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Visualizza versione completa : dual-boot win/linux


Ghandalf
22-02-2005, 00.42.48
<p align="center"><img src="http://salvadoraragon.typepad.com/bitacora_de_salvador_arag/images/linux-inside-logo.gif"></p>
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<p align="justify"><font size="2">Spesso una configurazione in dual-boot windows/linux può essere la soluzione migliore per chi voglia scoprire GNU/linux senza dover rinunciare di punto in bianco a ciò che conosce bene.<br>Con il costo molto basso degli HHDD attuali si può tranquillamente pensare di preparare un sistema in cui su ogni HD sia installato un solo sistema operativo.<br>La guida su newsforge.com tratta brevemente proprio questo argomento, in maniera semplice e diretta.</font></p>
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<p align="justify"><font size="2"><a target="_blank" href="http://software.newsforge.com/article.pl?sid=05/02/15/2023237">Fonte</a></font></p><br><br><br><br>

davlak
22-02-2005, 00.54.15
Boot sector transplant

The next step in the process is to save a copy of the Linux boot partition. This can be done either with dd in Linux or with the free Bootpart utility under Windows. Either program simply takes the first 512 bytes on the disk and puts them into a file. The dd command to do this is dd if=/dev/hdb1 of=bootsect.lnx size=512 count=1. Once you have this file, copy it to a diskette or some other removable media so you can then copy it to the Windows drive for NTLDR.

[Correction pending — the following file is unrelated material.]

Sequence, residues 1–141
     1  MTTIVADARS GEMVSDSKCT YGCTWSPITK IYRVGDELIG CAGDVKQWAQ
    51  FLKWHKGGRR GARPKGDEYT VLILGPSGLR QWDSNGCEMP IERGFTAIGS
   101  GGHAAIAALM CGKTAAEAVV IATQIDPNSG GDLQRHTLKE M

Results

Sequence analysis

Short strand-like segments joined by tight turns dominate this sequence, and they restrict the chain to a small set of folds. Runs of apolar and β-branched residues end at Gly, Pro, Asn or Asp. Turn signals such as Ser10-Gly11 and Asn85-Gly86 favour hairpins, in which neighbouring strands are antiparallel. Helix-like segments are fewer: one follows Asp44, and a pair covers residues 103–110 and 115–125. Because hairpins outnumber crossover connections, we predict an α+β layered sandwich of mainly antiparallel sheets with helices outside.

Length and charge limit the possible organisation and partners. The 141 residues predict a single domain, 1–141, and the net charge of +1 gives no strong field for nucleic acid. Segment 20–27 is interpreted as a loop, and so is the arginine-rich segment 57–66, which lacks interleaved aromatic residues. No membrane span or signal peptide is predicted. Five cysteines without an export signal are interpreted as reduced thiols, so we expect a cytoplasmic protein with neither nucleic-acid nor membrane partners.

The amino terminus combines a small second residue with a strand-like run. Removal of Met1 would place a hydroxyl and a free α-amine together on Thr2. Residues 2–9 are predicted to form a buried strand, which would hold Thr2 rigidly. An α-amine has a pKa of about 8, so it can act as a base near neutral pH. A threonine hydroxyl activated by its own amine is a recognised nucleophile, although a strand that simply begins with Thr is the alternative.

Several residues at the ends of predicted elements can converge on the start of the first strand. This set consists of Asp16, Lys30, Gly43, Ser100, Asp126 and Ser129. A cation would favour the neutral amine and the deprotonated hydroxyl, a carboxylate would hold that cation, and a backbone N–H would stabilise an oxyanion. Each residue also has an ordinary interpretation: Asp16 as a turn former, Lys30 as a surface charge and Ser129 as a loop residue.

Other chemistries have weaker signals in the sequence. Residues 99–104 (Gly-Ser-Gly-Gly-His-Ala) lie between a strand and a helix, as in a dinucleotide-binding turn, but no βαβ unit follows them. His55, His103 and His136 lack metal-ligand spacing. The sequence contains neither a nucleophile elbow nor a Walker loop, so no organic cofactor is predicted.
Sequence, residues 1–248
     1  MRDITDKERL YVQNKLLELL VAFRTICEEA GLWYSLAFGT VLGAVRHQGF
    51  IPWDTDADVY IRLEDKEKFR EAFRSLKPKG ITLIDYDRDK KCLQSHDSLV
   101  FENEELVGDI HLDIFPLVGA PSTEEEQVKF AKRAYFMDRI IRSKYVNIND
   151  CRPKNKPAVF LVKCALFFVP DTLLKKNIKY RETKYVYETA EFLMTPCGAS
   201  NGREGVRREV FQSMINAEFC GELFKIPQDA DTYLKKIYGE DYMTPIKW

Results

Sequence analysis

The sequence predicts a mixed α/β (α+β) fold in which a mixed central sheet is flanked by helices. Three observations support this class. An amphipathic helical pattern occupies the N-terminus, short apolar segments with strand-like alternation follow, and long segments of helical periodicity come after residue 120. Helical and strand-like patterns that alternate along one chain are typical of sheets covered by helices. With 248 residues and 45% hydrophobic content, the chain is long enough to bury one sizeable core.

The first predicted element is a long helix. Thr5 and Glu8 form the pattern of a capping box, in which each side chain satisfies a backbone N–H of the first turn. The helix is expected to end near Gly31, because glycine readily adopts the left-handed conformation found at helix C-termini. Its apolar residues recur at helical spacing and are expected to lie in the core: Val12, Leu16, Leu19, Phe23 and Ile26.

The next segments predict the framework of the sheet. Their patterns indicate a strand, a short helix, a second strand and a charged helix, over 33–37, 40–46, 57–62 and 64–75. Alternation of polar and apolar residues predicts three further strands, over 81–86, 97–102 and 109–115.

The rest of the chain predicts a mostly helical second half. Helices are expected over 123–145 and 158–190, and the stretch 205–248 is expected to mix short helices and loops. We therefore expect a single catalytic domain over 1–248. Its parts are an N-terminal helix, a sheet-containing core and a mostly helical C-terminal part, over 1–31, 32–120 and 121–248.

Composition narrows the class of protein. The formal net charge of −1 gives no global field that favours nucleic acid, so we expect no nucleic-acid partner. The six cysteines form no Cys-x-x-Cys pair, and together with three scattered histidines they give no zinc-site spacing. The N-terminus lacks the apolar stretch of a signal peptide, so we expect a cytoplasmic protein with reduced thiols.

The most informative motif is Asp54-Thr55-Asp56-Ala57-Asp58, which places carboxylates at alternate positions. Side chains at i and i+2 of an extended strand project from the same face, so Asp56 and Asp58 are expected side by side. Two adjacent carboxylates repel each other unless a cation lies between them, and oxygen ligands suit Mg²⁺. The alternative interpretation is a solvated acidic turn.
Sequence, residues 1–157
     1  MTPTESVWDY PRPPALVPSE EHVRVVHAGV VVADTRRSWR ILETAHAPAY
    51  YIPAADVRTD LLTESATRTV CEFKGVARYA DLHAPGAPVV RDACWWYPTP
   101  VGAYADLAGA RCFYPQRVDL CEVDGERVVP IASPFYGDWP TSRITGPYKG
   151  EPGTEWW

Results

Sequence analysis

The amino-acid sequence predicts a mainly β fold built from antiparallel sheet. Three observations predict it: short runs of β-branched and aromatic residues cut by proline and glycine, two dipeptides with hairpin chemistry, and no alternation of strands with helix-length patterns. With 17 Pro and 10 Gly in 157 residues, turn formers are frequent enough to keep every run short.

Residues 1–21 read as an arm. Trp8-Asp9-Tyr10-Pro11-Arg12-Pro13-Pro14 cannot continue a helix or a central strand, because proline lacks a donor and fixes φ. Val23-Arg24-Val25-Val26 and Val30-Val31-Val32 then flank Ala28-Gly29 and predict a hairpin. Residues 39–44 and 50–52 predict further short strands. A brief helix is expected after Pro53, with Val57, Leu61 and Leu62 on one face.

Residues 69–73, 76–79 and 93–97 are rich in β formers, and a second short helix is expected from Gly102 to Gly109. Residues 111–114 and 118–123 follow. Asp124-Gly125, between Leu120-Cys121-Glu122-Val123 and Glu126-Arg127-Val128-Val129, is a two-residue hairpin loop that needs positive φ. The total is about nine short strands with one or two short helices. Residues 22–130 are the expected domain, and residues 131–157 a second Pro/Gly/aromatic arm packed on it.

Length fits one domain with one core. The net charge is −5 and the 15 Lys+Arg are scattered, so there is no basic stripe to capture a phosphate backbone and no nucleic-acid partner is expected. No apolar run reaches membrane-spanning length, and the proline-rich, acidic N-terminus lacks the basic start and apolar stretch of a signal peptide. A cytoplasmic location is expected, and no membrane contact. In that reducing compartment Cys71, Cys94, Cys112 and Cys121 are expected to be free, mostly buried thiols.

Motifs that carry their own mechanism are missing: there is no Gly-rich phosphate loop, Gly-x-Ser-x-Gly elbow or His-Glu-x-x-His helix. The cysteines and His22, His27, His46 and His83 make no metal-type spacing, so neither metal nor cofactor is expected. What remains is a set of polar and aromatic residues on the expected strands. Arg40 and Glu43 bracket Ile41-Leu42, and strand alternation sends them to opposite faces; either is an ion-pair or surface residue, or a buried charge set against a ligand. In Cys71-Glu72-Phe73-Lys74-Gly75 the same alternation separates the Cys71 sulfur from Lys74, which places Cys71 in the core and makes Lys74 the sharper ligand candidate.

I happened to use Bootpart because I forgot to use dd before I booted the system back to Windows. If you use Bootpart you don't have to copy the boot sector to a diskette, as you are already in Windows. To complete the transplant, place the file you created with dd or Bootpart on the Windows drive as C:\bootsect.lnx.

Now it's time to tell Windows about Linux. Again, there are two ways to go about this. If you are doing everything manually, fire up a text editor in Windows and edit the file c:\boot.ini. Add the line c:\bootsect.lnx="Linux" to the end of the file.

The Bootpart way to do this is simpler: run Bootpart with the command bootpart Linux c:\bootsect.lnx "Linux". Bootpart will take care of adding the proper entry to boot.ini for you.


è una variante di questa:
http://www.wintricks.it/forum/showthread.php?s=&threadid=71026
anche se i passaggi sono un pò diversi, funzionano allo stesso modo. :)

Ghandalf
22-02-2005, 00.56.02
dav hai fatto benissimo a segnalarlo..;)...mi era sfuggito..:)